Myotherapy and Exercise Physiology

Jacqueline Newholm is our Galen Qualified Myotherapist and Exercise Physiologist.  Jacqueline can be consulted for the treatment of dogs with postural and loading issues, damaged or injured muscle and allied soft tissue. Her treatment is primarily intended for the chronic case that could have been a result of compensatory issues from a condition, past trauma or repetitive strain.  For more information on Jacqueline, please click here.
 
What is myotherapy, and why is it beneficial for your dog?
 
Myotherapy is derived from massage and is the canine equivalent of sports massage in humans.  Massage has discernible effects on the body’s various organ systems. It helps to keep the organ tissues healthy and promotes healing so that the function and efficiency of the whole organ system is enhanced.
Because the main body systems do not work in isolation, the benefits of massage on one system will impact others as well.  For example, the muscular and skeletal systems are intrinsically paired, and therefore massage applied to certain muscle groups will have an effect on nearby joints.
 
Physiologically massage can invigorate, increase, improve, strengthen, regenerate and relax the body’s organ systems, which improves their overall function.
 
Psychologically, massage creates a general feeling of well-being, which is linked with the physical release of endorphins via the nervous system, promoting a ‘natural high’ and easing pain.  As a result, it allows the mind to ‘switch off’ and unwind, and helps to reduce the mental stress associated with being in pain.
 
A massage treatment can help your dog if you see any of the following:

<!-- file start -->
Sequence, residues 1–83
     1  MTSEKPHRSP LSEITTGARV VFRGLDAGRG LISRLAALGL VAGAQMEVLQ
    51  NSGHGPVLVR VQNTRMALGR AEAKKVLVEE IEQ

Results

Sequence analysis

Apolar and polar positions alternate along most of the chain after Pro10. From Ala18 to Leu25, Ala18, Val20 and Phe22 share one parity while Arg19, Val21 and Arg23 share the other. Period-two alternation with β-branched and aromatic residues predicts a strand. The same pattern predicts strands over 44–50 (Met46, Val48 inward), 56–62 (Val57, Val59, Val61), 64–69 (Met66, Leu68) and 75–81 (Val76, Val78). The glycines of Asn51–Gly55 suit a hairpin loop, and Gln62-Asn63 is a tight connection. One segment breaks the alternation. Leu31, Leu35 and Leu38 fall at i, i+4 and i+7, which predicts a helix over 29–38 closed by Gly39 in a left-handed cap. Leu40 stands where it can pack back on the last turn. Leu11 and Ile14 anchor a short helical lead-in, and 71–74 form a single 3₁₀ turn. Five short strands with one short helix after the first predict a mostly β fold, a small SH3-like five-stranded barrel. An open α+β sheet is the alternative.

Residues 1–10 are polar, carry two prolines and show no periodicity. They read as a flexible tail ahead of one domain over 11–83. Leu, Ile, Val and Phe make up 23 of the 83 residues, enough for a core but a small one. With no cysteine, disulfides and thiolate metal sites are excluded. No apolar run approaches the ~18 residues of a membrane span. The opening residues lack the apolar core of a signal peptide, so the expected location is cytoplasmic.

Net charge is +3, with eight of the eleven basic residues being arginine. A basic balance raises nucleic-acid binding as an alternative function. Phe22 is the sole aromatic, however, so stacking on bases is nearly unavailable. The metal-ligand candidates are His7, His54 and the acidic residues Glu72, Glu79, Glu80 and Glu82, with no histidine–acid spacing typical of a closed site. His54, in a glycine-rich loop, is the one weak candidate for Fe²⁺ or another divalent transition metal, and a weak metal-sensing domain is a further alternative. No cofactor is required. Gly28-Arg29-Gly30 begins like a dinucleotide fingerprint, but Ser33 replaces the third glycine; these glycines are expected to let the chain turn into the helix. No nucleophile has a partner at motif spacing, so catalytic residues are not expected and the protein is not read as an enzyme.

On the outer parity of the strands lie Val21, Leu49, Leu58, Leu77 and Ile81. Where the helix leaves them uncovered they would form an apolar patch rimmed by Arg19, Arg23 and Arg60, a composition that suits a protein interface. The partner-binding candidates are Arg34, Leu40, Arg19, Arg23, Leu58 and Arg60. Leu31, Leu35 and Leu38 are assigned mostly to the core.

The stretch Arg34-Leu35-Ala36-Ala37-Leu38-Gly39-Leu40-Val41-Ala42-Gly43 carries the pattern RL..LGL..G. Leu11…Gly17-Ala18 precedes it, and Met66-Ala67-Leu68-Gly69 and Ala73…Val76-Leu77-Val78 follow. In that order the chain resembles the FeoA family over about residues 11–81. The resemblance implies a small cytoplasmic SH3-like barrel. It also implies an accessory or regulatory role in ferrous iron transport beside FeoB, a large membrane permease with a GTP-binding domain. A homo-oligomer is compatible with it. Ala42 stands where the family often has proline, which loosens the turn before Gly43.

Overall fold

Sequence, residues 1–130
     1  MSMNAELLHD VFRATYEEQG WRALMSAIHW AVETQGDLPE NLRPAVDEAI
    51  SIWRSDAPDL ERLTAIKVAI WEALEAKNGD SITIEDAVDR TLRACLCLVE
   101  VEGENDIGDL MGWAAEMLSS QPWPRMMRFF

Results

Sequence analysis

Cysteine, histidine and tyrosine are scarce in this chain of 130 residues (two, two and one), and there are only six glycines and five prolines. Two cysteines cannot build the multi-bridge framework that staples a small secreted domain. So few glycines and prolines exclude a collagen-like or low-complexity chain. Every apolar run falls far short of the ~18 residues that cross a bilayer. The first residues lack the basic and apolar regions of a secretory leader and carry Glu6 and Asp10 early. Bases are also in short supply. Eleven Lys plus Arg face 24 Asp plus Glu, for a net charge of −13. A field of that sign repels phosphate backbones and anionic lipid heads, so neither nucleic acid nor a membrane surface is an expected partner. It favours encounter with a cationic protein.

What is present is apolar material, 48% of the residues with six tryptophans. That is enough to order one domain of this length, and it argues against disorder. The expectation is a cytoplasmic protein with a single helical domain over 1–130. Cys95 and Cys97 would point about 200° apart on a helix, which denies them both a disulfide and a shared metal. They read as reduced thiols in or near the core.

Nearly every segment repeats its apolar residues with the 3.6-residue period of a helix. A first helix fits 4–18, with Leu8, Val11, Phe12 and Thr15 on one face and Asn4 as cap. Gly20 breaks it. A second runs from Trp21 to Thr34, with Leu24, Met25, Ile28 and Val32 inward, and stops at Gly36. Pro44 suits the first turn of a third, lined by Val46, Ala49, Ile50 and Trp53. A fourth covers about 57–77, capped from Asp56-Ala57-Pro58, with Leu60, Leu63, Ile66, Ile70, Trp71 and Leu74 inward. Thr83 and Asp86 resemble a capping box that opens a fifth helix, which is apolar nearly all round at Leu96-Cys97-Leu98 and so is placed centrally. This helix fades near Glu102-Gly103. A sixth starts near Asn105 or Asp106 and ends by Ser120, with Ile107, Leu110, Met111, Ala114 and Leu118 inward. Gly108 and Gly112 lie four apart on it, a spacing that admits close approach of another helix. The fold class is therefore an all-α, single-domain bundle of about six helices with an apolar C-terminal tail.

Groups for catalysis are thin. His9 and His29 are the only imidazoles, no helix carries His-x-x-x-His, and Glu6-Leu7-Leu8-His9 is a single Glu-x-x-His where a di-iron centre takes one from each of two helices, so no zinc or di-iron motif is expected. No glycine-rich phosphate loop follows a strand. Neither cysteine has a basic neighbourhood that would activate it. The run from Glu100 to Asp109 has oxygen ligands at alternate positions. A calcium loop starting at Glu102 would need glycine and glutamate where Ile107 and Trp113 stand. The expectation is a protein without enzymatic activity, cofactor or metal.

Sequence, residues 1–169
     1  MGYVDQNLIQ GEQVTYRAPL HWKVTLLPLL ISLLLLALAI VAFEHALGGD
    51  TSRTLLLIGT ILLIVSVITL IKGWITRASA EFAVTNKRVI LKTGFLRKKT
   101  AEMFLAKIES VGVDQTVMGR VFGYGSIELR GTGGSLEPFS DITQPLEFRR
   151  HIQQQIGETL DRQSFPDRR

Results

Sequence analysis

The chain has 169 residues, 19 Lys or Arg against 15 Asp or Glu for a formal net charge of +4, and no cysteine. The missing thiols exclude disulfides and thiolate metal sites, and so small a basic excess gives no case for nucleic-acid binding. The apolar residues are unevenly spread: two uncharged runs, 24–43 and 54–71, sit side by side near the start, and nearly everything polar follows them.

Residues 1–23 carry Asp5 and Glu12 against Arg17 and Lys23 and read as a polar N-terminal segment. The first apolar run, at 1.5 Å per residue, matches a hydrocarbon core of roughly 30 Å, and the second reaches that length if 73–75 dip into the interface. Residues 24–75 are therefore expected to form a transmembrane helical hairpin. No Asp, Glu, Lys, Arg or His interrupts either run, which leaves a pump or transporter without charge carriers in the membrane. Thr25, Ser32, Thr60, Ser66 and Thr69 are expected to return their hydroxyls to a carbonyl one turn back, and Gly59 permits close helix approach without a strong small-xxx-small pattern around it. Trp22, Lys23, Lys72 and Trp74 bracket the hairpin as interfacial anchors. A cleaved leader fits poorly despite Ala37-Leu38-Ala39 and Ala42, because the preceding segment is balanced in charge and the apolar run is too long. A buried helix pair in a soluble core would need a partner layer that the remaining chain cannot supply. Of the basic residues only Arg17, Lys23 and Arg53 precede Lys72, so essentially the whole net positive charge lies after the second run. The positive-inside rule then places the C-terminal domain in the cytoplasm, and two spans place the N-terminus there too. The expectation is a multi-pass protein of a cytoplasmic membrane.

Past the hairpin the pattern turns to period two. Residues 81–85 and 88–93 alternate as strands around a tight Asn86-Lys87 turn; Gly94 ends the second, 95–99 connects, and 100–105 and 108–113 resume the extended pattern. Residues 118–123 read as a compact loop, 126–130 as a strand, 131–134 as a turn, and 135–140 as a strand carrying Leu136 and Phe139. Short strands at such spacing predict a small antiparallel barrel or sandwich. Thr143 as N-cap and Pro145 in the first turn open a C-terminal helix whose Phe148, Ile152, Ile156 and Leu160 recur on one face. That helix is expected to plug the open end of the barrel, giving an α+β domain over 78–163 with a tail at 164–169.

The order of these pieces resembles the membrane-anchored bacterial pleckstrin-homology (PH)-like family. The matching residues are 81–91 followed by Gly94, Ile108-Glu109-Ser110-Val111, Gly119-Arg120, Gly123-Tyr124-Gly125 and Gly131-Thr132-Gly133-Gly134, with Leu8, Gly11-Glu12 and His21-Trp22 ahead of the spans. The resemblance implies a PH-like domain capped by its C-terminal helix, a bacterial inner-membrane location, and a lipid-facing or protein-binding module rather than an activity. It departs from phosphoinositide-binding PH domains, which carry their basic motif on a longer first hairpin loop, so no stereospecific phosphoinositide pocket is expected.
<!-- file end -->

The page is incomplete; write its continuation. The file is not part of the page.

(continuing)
- Stiffness
- Soreness
- Unable to go up / down stairs
- Unable to get in / out of car
- Mobility issues – lameness, limping
- Nervous/anxious/shy/seemingly depressed
- Posture changes
- Coat changes
- Uneven nail wear
- Twitching of skin – down their back or roached back
- Yelping when you touch certain areas of the body
- Old before their time - lost their ‘sparkle’
- Unwilling on walks
- Back / Neck / Hip issues
- Reduced performance in sports, racing, working and show dogs e.g measuring in agility or refusing to jump in flyball
- Diagnosed luxating patella
- Diagnosed cruciate ligament damage
 
Improvements that you should see after a massage treatment:
- Increased joint flexibility and range of motion
- Improved movement patterns, lameness and posture
- Reduction in pain
- Improved condition of skin and coat
- Reduced stiffness
- Improved sports performance
- Improved mood
- Increased activity
- Quicker recovery from injury
- Quicker post operative recovery
- Breaks down knots and adhesions which inhibit movement
- The dog is more emotionally and psychologically ‘lifted’ – they are enjoying life again!
- Temporary relief from chronic on-going orthopaedic conditions (i.e. hip/elbow dysplasia, arthritis) by easing the tension in over-compensating muscles.

 
 
Our Courses

Reviews

Canine Physio noticing calm, focus after training helping her exercises

Nycky Edleston

myotherapy definitely working...improvement in gait...jumping in car,on to things...done the trick

Gaby & Bertie

GSD X Beagle rescue, numerous issues, help from Ainsley, improved from day 1, I know how to help him

Sharon Ritchie

informative, huge benefits to every day life, he loves it

Carol Street

I can really recommend this course and Ainsley to everyone.

Annie

Great venue - Great Trainers - What else do you need?!

Caroline Shelford

Lots of tools and tips...huge improvement in only a couple of months...we travel 1½ hours

Mark & Gareth

I thoroughly recommend this place!

Sue Lane

Wow, lovely people, great venue and super class

Paula Topping

Highly recommended.

Rob Staves

What a great place!!

Sue Barlow

Such a lovely time

Carol Anne Street

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